. Let me paraphrase these verses and answer the question, “How can I be sure God will do what he promised in Romans 8:28.” I can be sure because “Those,” all of them and only them, who have been foreknown by God in electing grace, are certain of ultimate salvation (total glorification) because God has sovereignly purposed to conform them, all of them and only them, into the image of Christ. God’s first step in this gracious purpose is to effectually “call” them, the foreknown and predestined ones, all of them and only them, by the power of the Holy Spirit through the gospel. Those, all of them and only them, whom he calls he also “justifies” and applies to them the righteousness of Christ. It is impossible to be foreknown and predestined and not be called just as it is not possible to be called if you were not foreknown and predestined. Likewise it is not possible to be called without that calling producing justification. Those, all of them and only them, who are justified are already glorified in the sovereign purposes of God. In God’s mind it is what we would call a “done deal.”

    To review what we have seen thus far, the biblical order of salvation is:

    Foreknowledge = Foreordination that is based in God’s eternal decree.

    Predestination/Election – God’s sovereign determination of who would be saved by His own good pleasure and not based upon anything in those who are chosen (Rom. 9:11).

    Effectual Calling – the outward call of the gospel comes to the sinner through evangelism and the inward call of the Holy Spirit experienced in the heart of the person brings about spiritual regeneration (John 6:44). This inward call is the “call” of Romans 8:29-30. This effectual calling leads to (a) spiritual regeneration which logically leads to (b) Repentance unto life/faith in Jesus Christ. Regeneration, saving faith, and repentance all occur simultaneously in time but logically, regeneration comes before faith/regeneration (1 John 5:1; 2 Tim. 2:25).

    Justification – the declaration of a sinner as righteous before God on the basis of Christ’s righteousness credited to them. The believer is also declared completely sanctified (holy) at the moment of justification but also continues to grow in holiness practically throughout life. Conversion immediately follows regeneration/repentance/faith and justification as expressed in an outward profession of faith and water baptism.

    Glorification (sinless perfection that only occurs when in heaven).
    It is important to realize that the “Golden Chain of Redemption”/Order of Salvation has as much to do with salvation stages as it does with the cause(s) of salvation itself. Thus, a person is regenerated by the Holy Spirit in order to be gifted with faith, but there is no such thing as a regenerated person that is walking about without saving faith.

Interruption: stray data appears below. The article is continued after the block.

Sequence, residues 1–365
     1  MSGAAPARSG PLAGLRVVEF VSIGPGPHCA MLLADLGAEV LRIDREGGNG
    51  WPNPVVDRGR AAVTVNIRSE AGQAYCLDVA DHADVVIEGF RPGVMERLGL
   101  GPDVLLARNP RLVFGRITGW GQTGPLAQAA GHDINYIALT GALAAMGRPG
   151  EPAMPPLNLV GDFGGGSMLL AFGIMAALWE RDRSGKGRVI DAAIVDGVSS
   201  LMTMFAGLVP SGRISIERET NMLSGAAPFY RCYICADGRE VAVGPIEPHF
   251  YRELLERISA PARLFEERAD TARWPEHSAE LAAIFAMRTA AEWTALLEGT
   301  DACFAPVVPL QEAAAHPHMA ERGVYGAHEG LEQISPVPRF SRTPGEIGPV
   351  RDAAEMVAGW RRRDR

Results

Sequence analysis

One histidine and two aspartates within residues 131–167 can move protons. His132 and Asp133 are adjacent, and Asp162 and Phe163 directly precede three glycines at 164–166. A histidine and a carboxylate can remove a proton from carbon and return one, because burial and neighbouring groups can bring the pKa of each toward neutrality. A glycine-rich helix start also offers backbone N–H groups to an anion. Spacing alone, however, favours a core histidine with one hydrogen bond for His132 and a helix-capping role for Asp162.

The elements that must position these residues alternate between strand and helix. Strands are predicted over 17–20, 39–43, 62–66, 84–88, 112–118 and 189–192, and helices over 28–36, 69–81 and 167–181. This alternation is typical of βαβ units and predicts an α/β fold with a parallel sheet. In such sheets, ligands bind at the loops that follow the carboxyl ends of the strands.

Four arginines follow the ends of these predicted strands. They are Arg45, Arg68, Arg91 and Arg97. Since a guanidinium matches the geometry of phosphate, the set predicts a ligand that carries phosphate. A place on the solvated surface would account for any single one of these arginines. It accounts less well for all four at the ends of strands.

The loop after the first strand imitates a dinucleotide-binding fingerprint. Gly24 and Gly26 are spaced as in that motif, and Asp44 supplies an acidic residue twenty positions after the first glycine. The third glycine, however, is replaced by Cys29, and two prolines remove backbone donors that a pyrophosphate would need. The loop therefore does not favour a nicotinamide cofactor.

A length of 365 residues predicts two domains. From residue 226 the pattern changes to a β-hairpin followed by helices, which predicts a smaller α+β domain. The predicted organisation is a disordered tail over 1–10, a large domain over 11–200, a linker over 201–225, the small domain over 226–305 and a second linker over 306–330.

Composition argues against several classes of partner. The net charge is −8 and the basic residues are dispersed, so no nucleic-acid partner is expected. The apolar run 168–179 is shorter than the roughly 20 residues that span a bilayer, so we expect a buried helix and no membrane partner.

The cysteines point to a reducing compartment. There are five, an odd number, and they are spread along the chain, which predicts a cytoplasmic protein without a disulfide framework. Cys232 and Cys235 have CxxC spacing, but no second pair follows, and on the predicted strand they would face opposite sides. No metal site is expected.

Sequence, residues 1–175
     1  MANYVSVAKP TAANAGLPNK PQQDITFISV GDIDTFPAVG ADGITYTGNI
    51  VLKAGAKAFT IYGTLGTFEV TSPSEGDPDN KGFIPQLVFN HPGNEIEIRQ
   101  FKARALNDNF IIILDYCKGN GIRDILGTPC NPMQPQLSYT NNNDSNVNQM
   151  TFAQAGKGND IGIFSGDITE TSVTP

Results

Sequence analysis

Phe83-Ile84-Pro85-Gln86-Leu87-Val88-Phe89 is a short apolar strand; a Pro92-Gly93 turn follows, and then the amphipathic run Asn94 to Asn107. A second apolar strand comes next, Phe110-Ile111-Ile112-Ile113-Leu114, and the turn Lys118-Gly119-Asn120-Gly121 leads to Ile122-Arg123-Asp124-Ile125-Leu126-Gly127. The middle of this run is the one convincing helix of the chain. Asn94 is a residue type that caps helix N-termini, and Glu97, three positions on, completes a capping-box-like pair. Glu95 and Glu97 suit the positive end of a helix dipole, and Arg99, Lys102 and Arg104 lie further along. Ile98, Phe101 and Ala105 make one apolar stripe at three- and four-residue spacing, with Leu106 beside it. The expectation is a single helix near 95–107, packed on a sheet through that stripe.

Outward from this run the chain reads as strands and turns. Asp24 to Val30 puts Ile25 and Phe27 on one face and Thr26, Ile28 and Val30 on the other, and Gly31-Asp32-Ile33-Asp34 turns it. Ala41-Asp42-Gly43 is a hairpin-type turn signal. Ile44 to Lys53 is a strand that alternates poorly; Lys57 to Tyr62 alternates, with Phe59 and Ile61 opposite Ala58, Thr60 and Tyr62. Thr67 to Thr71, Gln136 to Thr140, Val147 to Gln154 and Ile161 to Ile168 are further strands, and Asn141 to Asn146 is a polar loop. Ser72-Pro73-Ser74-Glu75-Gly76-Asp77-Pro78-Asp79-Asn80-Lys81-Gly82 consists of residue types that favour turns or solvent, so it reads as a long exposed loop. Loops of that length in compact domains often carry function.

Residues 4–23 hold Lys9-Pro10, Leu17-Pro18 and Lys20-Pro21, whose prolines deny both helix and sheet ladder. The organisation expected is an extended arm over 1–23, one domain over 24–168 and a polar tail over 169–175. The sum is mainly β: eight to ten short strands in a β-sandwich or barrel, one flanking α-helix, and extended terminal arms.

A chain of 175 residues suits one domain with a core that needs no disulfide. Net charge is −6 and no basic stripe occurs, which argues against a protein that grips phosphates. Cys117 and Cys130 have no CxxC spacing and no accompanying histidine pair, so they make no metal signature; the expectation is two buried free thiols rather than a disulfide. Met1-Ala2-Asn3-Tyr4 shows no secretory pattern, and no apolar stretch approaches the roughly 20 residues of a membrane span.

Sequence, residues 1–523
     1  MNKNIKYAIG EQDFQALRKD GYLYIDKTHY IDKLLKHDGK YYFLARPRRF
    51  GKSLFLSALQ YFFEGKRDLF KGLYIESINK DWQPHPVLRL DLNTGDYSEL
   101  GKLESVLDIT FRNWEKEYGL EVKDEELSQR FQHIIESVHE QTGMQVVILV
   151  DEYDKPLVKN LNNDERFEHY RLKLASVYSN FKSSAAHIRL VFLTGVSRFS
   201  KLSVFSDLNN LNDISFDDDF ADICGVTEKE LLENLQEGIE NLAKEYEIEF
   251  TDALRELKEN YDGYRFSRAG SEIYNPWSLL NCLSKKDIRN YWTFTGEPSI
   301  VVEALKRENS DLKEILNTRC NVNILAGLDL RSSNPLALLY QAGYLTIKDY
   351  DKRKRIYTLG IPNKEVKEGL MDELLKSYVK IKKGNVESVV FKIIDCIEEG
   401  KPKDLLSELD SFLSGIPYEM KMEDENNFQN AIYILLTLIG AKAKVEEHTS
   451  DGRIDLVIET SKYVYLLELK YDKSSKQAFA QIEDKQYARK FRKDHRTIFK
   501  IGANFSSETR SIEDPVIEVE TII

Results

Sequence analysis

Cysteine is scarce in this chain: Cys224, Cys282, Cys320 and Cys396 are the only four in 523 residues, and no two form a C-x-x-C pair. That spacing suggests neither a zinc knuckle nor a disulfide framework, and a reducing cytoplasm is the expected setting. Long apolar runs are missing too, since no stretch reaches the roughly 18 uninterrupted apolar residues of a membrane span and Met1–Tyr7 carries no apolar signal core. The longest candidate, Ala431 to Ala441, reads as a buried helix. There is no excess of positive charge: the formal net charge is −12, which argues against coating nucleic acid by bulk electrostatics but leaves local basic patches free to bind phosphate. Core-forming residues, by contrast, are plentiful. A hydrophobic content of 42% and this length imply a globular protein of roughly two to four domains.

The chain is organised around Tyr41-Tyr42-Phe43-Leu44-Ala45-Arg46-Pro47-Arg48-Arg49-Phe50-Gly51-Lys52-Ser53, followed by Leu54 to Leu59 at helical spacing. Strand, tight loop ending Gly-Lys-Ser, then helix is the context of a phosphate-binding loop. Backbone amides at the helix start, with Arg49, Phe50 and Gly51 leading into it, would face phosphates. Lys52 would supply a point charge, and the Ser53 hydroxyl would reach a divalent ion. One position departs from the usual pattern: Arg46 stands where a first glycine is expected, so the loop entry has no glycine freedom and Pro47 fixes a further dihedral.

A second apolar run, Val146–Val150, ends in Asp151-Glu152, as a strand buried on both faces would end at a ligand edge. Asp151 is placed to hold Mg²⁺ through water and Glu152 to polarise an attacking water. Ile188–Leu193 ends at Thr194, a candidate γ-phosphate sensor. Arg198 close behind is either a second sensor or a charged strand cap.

Source: A Reformed Theologian

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    1. Aaron Says:

      What people do not understand they often try to explain away. I do not know what Westboro Baptist Church teaches, but every blog you have written about Calvinism is not accurate. Opinions on a theology you do not understand is not sound apologetics. Below is my rebuttal to part 5.

      you said:

      The word “election” does not get much usage in Scripture. There are only about six instances of the word, and the underlying Greek word is found seven times as it is translated as “chosen” once.

      Wow, where do I begin? The word “elect, election, elect’s” are found all over scripture. The greek word “eklektos”(elect)(1588) meaning favorite, chosen, elect, is found in Mt 24:24;31, Mk 13: 20;22;27, Lk 18:27, Rom 8:33, Col 3:12, 1Ti 5:21, Titus 1:1, 1 Pet 1:2, 1Pet 2:6, 2Jn 1, 2Jn 13. The hebrew word “bachiyr”(elect) meaning choose, chosen one, elect, is found in Is 42:1, Is 45:4, Is 65:9, Is 65:22.

      The greek word “ekloge”(election)(1589) meaning (divine) selection, chosen, election is found in Rom 9:11, Rom 11:5, Rom 11:7, Rom 11:28, 1 Th 1:4, 2 Pet 1:10.

      Th greek word ” eklektos” (elect’s)(1588) meaning favorite, chosen,elect, is found in Mt 24:22, Mk 13:20, 2 Timothy 2:10.

      I suggest you get a copy of the original Hebrew/Greek translation of the bible, if you have not already done so. As you can see, the word “elect, election, elect’s” are used frequently and mean the same.

      you said:

      Go thy way: for he is a chosen vessel unto me, to bear my name before the Gentiles, and kings, and the children of Israel: For I will shew him how great things he must suffer for my name’s sake. (Acts 9:15b-16)

      Again, we find that this has nothing to do with being chosen, or elected to salvation, rather it is about being elected for a specific work, with no criteria being given as pertaining to Saul’s salvation. In other words, we are not told that Saul was preselected, or predetermined for salvation. What we are told is that Saul was chosen for a specific work after salvation.

      Aaron: The word “chosen” is the greek word” ekloge”(1589) meaning divine selection, chosen.The original Greek reads like this” But to him the Lord, Go, because a vessel of election to Me is this one, to bear the name of Me before nations and kings, sons and of Israel; I wiil show him how many must he on behalf of my name of Me suffer.

      A” vessel of election” There was perfect continuity between Paul’s salvation and his service. God chose him to salvation and to convey His grace to all people.

      you said: